Royal Dutch Shell is under fire for its operations in Nigeria as oil rebels ramp up activity following the collapse of a November cease-fire. The Dutch Parliament invited Shell in for what was described as a "fact-finding session" to address Shell's work in Nigeria, London's Telegraph newspaper reports.
Some activists say Shell is responsible for chronic oil spills in Nigeria, which some environmental groups estimate could have spilled as much as 9 million barrels of crude oil since the 1950s. The company blames rebels for the spills, though advocacy groups counter their claims.
Shell officials in an e-mail message to United Press International said they were invited to the Netherlands for a round-table conference on West African development Jan. 26 in part to address Nigeria.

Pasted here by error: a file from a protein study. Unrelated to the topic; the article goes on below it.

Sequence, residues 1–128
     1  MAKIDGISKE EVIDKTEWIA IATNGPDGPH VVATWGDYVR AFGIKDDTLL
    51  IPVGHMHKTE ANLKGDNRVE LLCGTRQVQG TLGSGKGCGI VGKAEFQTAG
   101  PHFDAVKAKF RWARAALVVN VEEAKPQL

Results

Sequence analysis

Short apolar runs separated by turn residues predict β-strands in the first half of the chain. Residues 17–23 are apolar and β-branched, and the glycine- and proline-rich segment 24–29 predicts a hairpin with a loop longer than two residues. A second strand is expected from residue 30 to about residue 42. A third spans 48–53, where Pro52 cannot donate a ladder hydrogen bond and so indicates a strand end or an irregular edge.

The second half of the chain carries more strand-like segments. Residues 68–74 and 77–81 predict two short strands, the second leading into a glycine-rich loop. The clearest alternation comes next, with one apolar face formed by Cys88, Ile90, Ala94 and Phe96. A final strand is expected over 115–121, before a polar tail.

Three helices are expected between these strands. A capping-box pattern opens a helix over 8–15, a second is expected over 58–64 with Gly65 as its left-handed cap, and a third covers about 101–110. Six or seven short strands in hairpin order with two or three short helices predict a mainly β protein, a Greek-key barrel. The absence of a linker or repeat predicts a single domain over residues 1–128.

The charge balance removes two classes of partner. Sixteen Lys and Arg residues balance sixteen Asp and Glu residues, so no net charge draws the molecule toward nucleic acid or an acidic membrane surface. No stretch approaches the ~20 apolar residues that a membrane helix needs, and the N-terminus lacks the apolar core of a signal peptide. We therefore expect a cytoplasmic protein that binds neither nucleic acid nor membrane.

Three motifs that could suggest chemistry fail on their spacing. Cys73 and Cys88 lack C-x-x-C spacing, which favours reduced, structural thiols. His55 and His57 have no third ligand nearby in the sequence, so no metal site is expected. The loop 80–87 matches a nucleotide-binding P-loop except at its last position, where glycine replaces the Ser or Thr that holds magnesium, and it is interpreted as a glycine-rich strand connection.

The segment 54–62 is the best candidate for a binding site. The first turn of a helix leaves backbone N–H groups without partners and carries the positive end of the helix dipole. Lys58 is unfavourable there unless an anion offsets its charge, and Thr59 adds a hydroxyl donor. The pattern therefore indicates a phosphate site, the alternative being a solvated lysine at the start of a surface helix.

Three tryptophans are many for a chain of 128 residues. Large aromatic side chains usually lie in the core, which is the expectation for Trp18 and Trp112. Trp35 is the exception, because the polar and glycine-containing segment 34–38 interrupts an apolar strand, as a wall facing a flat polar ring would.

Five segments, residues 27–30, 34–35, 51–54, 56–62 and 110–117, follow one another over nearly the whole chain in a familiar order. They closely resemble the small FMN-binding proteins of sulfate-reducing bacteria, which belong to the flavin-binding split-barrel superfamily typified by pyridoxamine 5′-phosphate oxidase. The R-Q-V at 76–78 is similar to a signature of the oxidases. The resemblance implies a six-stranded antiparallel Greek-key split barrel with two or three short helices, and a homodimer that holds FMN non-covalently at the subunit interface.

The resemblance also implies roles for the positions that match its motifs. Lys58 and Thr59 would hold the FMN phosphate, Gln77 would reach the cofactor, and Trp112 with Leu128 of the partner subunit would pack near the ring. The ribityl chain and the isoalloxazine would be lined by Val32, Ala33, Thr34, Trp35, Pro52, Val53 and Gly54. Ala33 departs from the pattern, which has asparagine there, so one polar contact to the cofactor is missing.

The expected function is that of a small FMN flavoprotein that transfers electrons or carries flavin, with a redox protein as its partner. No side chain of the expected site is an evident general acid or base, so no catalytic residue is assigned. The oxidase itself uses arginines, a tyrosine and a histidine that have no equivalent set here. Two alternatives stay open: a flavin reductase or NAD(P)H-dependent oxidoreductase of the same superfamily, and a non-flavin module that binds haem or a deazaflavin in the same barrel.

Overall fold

A Shell spokesman told UPI that the Dutch session was planned before lawmakers visited Nigeria.
Meanwhile, Ann Pickard, now chairwoman of Shell's operations in Australia, was quoted as saying in leaked U.S. diplomatic documents given by WikiLeaks to London's Guardian newspaper that her company had access "to everything" inside the Nigeria government.
Shell described the leaked diplomatic cables as "untrue" and a spokesman from the state-owned Nigerian National Petroleum Corp. downplayed the cable as the "interpretation" of a U.S. envoy.
The Nigerian army launched a major offensive against rebel groups operating in the Niger Delta about six weeks ago.